Classes of material

Based on the digital collections surveying work I’ve been doing, our digital collections fall into seven different ‘classes’:

  1. Unpublished born-digital materials – personal and corporate papers, digital archives of significant individuals or institutions
  2. Born-digital university archives – selected records of the University of Cambridge
  3. Research outputs – research data and publications (including compliance)
  4. Published born-digital materials – physical format carriers (optical media), eBooks, web archives, archival and access copies of electronic subscription services, etc.
  5. Digitised image materials – 2D photography (and 3D imaging)
  6. Digital (and analogue) audiovisual materials – moving image (film and video) and sound recordings
  7. In-house created content – photography and videography of events, lectures, photos of conservation treatments, etc.

Proposed case studies

Approximately 40 potential case studies suggested by CUL and Affiliated Library staff were considered. These proposed case studies were selected from digital materials in our existing collections, current acquisition offers, and requests for assistance with digital collection materials, from across Cambridge University. Each proposed case study would allow us to trial different tools (and digital preservation systems), approaches, workflow stages, and represent different ‘classes’ of material.

Digital lifecycle stages

The selected stages are based on a draft Digital Stewardship End-to-End Workflow I am developing. The workflow includes approximately a dozen different stages. It is based on the Digital Curation Centre’s Curation Lifecycle Model, and is also aligned with the Digital POWRR (Preserving Digital Objects with Restricted Resources) Tool Evaluation Grid.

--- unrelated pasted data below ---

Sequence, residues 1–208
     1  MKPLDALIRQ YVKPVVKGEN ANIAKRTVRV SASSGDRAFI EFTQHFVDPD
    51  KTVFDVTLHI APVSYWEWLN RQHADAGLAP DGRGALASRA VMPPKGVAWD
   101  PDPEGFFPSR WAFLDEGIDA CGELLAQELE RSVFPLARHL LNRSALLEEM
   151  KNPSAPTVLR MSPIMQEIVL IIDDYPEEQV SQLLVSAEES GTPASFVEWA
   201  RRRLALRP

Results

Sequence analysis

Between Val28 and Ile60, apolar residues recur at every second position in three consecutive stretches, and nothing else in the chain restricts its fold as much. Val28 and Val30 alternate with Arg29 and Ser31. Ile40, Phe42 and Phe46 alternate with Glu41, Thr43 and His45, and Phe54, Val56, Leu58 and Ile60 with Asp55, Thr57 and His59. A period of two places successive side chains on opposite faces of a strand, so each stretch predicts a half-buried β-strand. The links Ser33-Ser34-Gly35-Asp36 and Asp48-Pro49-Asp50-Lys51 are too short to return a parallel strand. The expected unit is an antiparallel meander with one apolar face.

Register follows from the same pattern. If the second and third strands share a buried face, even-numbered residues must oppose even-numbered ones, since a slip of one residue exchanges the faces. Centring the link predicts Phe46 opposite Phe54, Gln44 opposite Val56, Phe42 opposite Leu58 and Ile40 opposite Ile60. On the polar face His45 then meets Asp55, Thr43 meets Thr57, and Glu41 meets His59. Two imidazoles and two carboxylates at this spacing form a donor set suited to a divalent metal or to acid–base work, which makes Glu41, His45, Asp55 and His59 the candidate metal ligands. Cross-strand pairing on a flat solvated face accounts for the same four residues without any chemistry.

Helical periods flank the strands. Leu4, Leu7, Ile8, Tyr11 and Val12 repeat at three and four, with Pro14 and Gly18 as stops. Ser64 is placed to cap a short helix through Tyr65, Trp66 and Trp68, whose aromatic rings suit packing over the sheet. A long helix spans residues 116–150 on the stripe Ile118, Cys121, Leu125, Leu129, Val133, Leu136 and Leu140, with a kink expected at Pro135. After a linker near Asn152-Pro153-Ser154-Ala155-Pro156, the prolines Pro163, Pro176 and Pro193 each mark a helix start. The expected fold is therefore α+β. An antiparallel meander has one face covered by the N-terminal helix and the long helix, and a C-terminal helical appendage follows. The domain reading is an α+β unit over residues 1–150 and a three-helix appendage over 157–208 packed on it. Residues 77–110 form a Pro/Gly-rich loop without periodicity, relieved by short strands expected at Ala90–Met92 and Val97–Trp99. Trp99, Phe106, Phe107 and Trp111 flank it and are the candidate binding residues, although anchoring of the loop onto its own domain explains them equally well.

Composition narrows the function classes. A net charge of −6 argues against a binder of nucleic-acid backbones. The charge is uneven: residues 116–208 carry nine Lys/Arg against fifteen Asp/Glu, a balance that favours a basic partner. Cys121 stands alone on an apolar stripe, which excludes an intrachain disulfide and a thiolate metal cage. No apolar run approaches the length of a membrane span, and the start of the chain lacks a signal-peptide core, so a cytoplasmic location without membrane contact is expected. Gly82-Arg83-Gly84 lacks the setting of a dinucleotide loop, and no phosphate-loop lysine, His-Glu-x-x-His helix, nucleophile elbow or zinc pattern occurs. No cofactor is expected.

There are also additional essential concerns, including:

  • data security
  • integration (with CUL systems and processes)
  • preservation risk
  • remove and/or delete
  • reporting
  • resources and resourcing
  • system configuration

Selected stages for Cambridge’s case studies

Dave, Lee and I discussed the stages and cut it down to the bare-minimum required to test out various tasks as part of the case studies. These stages include:

  1. Appraise and Select
  2. Acquire / Transfer
  3. Pre-Ingest (including Preconditioning and Quality Assurance)
  4. Ingest (including Generate Submission Information Package)
  5. Preservation Actions (sub-component of Preserve)
  6. Access and Delivery
  7. Integration (with Library systems and processes) and Reporting

Case study selection

In order to produce a shortlist, I needed to work out a parameter best suited in order to rank the proposed case studies from a digital preservation perspective. The initial parameter we decided on was complexity. Did the proposed case study provide enough technical challenges to fully test out what we needed to research?

We also took into account a Streams Matrix (still in development) that outlines different tasks taken at each of the at each of the selected digital life cycle stages. This would ensure different variations of activities were factored in at each stage.

We revisited the case studies once in ranked order and reviewed them, taking into account additional parameters. The additional parameters included:

  • Frequency and/or volume – how much of this type of material do we have/are we likely to acquire (i.e. is this a type of task that would need to be carried out often)?
  • Significance – how significant is the collection in question?
  • Urgency – does this case study fit within strategic priorities such as the current Cambridge University Library Strategic Plan and Collection Development Policy Framework etc.?
  • Uniqueness – is the case study unique and would it be of interest to our users (e.g. the digital preservation field, Cambridge University researchers)?
  • Value to our users and/or stakeholders – is this of value to our current and future users, researchers and/or stakeholders?

This produced a shortlist of eight case studies. We concluded that each provided different long-term digital preservation issues and were experiencing considerable degrees of ‘preservation risk’.

Conclusion

This was a challenging and time-consuming approach, however it ensures fairness in the selection process. The case studies will enable us to have tangible evidence in which to ground the work of the rest of the project. The Cambridge University Library Polonsky Digital Preservation Project Board have agreed that we will undertake three case studies, including a digitisation case study, a born-digital case study and one more – the details of which are still being discussed. Stay tuned for more updates.